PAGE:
To quote late former Arizona Cardinals coach Dennis Green, “They are who we thought they were.”

The Nashville Predators are proving to be exactly who we thought they were — a team not quite good enough to make a serious run in the Stanley Cup Playoffs but not quite bad enough to be blown up wholesale and rebuilt from scratch.

But following a 4-2 loss to the Detroit Red Wings on Saturday, maybe it’s time the Predators seriously considering that second scenario for beyond the 2021 season.

After all, this is a team that just split a two-game series with a team tied for the second-fewest points in the NHL. It is also a team that needed overtime and a shootout a few weeks ago to beat the Chicago Blackhawks, who were in last place in the Central Division when the NHL ended the 2020 season.

The Predators are the only team in the NHL this season to not have at least one win when leading after the first period. They’re also the only team in the NHL this season to not have at least one win when leading after the second period.

Outside of Filip Forsberg (seven goals, 14 points), the entire forward group is underperforming yet again. Matt Duchene has made strides in his last six games (three goals, five points) and Mikael Granlund (three goals, seven points) has been the team’s most consistent player since head coach John Hynes took over last January. But aside from those two, the team lacks any credible threat on offense.

The Predators rank 22nd in goals scored (35) and they’re tied for the third-most goals (52) allowed this year. In fact, Nashville is on-pace to give up the most goals per game in franchise history (3.47).

The only Predators defenseman with a positive plus-minus rating is free agent signing Mark Borowiecki. Dante Fabbro and Mattias Ekholm (minus-1), Matt Benning (minus-3) and Roman Josi (minus-5) have all contributed to what equates to the sixth-worst defense in the league.

The goaltending hasn’t been much better either. Pekka Rinne has been a pleasant surprise, allowing two goals or fewer in six of his nine appearances, but his goals-against average (2.74) and save percentage (.907) are much lower than when he was in his prime.

Juuse Saros has all but proven that he may be nothing more than an average NHL goaltender. The 25-year-old may have peaked during his first two years in the league considering his goals-against average and save percentage have dropped each year since.

Saros has won barely 50 percent of his games (50.8) since breaking into the Nashville lineup in 2016 and he’s on pace to win just 10 games in the abbreviated 56-game season this year. Twenty-three-year-old prospect Connor Ingram might be a better short-term option until 2020 first-round pick Yaroslav Askarov decides to leave Russia and join the NHL.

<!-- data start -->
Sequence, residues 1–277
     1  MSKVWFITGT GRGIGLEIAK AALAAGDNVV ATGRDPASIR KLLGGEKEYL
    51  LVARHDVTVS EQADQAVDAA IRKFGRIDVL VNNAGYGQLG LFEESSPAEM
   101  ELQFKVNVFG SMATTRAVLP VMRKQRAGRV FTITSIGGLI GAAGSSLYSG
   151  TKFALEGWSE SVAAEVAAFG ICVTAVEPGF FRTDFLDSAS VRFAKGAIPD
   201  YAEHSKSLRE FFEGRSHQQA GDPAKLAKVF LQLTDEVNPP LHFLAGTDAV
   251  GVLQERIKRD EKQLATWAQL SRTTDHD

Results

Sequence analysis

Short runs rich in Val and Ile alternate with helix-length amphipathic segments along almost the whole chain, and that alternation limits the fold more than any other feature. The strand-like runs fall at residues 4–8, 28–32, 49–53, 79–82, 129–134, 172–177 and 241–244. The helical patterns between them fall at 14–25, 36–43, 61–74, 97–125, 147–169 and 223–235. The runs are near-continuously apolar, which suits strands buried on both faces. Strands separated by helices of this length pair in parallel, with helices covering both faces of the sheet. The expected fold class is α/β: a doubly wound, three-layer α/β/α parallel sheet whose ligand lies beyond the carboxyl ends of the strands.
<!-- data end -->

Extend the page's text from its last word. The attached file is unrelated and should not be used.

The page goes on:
David Poile went all in on grit this season, but he forgot that grit doesn’t score goals. The Predators added tenacity at the expense of offense, signing Borowiecki, Benning, Nick Cousins, Erik Haula, Brad Richardson, Luca Sbisa and trading for Luke Kunin.

And to be fair, they all haven’t been a disaster. Cousins has a goal and five points and Kunin has two goals and three points in limited action, but those need to be the type of players Nashville fills out its bottom six with, not rolls out on the second line.

Poile and Hynes hyped up a much-needed youth movement, but only Mathieu Olivier (10 games), Yakov Trenin (12 games) and Eeli Tolvanen (six games) are seeing the fruit of that, so to speak. Others such as Philip Tomasino, Rem Pitlick, Alex Carrier, Tommy Novak to name a few have been turning heads with the Chicago Wolves in the AHL, but likely have no sign of playing in Nashville in 2021.

With just 12 points and a quarter of the season already in the books, Nashville may be wise to start salvaging trade value for its assets while they still have meaningful trade values.

Ekholm remains the player who would bring back the largest trade package. He’s been mentioned in trade talks for Vancouver center Adam Gaudette. Others such Granlund, Ryan Johansen and Calle Jarnkrok could be players to keep an eye on.

Nobody in the Predators organization, especially Poile, wants to admit defeat this early into the season. But if things continue to go south, a rebuild might be the only option.

Follow Michael Gallagher on Twitter @MGsports_

This post originally appeared in our partner publication, the Nashville Post

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